But Jake Braun, an organizer of the Election Voting Hacking Village at DefCon and a former national deputy field director on President Barack Obama’s 2008 presidential campaign who later served in the White House, said it’s possible for hackers to access the machines physically or over the internet.
“It’s not like these machines are kept in Fort Knox,” he told CNN.
This came just as Georgia secretary of state and Republican gubernatorial candidate Brian Kemp is being sued for allowing a security breach which exposed the information of millions of voters in Georgia.
In 2016, hacker Logan Lamb inadvertently downloaded the personal records of 6.3 million voters, including their full name, date of birth, driver’s license and partial Social Security number, according to WALB. The state’s election security contractor had left it open on a public website.
He notified Georgia’s Center for Election Systems, and six months later the information was still there.
The group suing Georgia is asking the state to use paper ballot backups in the upcoming midterm elections. Kemp has said that this is unnecessary, but that he does hope to update the state’s aging voting system by the 2020 election, CNN reported. Georgia is one of five states without paper trails, which make manual recounts possible when there is alleged tampering or a contested election, according to the Guardian.
In the state’s May primary, the Mud Creek precinct showed a voter turnout rate of 243 percent of registered voters. On Georgia’s Secretary of State’s website, Mud Creek had 276 registered voters ahead of the primary, but 670 ballots were cast.
On Aug. 2, the site was updated to 3,704 registered voters in Mud Creek, which reflected a more typical 18 percent turnout, according to McClatchy DC. This was also used as evidence of an insecure voting system in the lawsuit.
“The tough thing is that the Russians don’t have to be successful to achieve their goals. They don’t necessarily need to change the outcome or races or change voter records. What they can do is attack our systems and get us to delegitimize our own democracy,” David Beck of the Center for Election Innovation and Research told the Guardian.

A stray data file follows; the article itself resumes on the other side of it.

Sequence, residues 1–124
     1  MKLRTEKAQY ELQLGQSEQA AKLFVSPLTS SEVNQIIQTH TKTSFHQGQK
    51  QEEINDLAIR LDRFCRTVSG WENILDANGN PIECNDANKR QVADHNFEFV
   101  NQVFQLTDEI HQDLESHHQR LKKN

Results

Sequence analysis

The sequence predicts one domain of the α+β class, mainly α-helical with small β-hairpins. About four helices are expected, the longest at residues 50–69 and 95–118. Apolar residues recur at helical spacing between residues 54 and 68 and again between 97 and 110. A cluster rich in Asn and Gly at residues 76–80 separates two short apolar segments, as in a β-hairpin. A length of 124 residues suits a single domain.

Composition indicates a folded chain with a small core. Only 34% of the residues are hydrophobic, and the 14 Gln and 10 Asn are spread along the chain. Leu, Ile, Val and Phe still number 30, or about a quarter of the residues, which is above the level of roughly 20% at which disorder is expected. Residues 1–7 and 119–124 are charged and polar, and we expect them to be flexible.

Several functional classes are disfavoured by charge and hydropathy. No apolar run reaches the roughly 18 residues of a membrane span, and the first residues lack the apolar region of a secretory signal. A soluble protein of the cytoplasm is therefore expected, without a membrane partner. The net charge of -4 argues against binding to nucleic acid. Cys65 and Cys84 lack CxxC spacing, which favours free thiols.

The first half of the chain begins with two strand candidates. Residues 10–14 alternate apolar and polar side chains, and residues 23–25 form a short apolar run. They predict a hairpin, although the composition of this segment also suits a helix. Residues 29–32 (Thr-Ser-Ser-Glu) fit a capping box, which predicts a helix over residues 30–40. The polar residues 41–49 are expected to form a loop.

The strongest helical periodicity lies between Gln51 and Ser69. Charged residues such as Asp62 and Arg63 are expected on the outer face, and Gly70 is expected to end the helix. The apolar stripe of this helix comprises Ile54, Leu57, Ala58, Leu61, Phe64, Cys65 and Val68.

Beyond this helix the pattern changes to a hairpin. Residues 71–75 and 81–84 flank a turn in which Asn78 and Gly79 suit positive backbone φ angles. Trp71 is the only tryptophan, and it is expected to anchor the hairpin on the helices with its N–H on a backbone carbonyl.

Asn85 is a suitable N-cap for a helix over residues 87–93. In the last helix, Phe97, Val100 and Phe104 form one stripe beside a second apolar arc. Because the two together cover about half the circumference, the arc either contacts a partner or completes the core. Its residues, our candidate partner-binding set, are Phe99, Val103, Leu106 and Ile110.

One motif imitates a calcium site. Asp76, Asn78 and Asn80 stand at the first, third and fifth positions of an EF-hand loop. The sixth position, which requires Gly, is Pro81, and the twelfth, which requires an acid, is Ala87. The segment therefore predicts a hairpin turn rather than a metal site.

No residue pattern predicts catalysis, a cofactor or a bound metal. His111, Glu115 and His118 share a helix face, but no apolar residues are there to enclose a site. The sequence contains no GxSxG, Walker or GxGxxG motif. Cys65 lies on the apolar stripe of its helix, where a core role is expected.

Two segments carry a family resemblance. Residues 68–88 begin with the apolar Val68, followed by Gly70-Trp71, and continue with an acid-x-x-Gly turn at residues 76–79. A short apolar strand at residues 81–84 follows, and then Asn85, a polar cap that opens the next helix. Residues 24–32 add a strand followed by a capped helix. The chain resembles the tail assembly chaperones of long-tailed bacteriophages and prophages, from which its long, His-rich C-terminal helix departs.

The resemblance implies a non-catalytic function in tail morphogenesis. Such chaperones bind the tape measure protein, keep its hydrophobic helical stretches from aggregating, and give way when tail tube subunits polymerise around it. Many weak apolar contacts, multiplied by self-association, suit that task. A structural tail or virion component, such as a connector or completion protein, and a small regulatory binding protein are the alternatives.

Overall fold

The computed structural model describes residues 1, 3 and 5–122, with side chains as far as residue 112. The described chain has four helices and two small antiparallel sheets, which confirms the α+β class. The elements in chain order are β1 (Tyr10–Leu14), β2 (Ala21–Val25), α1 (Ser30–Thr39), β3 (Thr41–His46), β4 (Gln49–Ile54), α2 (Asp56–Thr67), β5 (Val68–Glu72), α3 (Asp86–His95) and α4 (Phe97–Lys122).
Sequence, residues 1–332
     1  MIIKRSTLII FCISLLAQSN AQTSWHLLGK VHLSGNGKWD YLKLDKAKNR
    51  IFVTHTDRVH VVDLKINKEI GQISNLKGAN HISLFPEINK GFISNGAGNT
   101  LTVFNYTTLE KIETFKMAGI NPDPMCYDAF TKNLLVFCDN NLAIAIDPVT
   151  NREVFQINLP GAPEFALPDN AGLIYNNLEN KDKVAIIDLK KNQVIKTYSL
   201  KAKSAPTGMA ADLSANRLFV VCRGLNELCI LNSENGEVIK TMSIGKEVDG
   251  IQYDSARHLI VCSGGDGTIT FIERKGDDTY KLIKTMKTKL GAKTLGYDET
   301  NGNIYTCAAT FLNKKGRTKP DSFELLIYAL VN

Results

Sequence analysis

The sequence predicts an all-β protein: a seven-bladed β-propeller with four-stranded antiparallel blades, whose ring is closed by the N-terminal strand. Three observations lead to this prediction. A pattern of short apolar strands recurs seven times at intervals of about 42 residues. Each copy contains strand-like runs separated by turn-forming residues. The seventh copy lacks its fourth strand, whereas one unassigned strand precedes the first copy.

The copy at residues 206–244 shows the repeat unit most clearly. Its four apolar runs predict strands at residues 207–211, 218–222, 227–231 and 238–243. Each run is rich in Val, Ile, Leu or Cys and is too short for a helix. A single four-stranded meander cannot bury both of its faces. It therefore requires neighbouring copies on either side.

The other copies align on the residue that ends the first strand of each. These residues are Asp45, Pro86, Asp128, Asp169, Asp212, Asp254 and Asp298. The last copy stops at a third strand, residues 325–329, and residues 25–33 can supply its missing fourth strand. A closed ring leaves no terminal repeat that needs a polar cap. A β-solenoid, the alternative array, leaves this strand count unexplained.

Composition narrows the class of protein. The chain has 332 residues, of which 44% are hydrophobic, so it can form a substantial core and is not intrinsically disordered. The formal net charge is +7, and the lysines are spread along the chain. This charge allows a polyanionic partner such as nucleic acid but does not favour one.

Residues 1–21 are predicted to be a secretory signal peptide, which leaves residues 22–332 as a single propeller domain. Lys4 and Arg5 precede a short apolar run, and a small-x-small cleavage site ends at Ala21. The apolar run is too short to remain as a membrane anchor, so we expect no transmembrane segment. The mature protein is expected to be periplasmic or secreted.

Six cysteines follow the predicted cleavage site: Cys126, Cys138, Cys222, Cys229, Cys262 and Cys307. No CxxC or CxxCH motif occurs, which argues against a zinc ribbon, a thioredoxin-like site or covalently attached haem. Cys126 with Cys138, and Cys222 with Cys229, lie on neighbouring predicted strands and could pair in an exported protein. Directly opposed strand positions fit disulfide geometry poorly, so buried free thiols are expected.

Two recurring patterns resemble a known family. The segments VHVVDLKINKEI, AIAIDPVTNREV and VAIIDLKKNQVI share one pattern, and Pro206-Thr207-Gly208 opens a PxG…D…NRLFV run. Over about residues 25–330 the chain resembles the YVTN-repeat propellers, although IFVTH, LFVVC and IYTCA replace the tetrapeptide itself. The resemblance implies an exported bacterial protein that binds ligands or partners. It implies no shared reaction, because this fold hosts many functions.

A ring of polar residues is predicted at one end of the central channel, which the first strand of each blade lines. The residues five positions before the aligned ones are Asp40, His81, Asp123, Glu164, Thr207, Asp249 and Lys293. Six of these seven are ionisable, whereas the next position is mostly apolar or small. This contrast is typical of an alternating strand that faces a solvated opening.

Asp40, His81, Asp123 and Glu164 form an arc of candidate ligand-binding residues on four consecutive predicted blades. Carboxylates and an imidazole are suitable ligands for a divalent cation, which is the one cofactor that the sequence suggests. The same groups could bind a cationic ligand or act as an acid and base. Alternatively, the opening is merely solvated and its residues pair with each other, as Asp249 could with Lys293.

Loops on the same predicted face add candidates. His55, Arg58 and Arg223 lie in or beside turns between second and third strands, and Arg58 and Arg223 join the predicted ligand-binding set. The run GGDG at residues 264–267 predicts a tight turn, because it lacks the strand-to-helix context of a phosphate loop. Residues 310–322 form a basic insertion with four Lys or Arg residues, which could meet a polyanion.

Teacher Jahana Hayes has won the Democratic nod in Connecticut’s 5th District, defeating the party-endorsed candidate and setting her up to be the likely new member from the safe Democratic seat next year.
With 44 percent of precincts reporting, Hayes led 2006 lietunant governor nominee Mary Glassman 60 percent to 41 percent, when The Associated Press called the race.
Hayes is poised to become the first African-American Democrat to represent Connecticut in Congress. Running with the backing of organized labor, she is expected to add a progressive voice to the House Democratic Caucus.
Democratic incumbent Elizabeth Esty opted to vacate the western Connecticut seat after coming under criticism for her handling of a former top aide who was accused of sexually harassing and threatening a staffer.
Glassman had the baking of the state party. A former first selectman of Simsbury in suburban Hartford, she was also endorsed by the U.S. Chamber of Commerce.
Hayes was encouraged to run by Connecticut Democratic Sen. Christopher S. Murphy and had support from Africa-American members of Congress, including California Sen. Kamala Harris and Louisiana Rep. Cedric L. Richmond, the chairman of the Congressional Black Caucus.
The 2016 national teacher of the year, Hayes had the backing of organized labor groups such as the Service Employee International Union, the National Education Association and the AFL-CIO.
Esty narrowly won the seat in 2012, but was comfortably re-elected in 2014 and 2016. Hillary Clinton carried the district by 4 points in 2016. Inside Elections with Nathan L. Gonzales rates Solid Democratic.
Former state Rep. Joe Randinovich has won the Democratic-Farmer-Labor nomination in Minnesota’s 8th District, which, if the past two cycles are any indication, could be among the most expensive House races this fall.
With 62 percent of precincts reporting, Radinovich led the five-person field with 47 percent of the vote, when The Associated Press called the race.
DFL incumbent Rick Nolan is not running for re-election. After announcing his retirement, he joined a last-minute gubernatorial ticket as the lieutenant governor nominee, but came up short Tuesday night.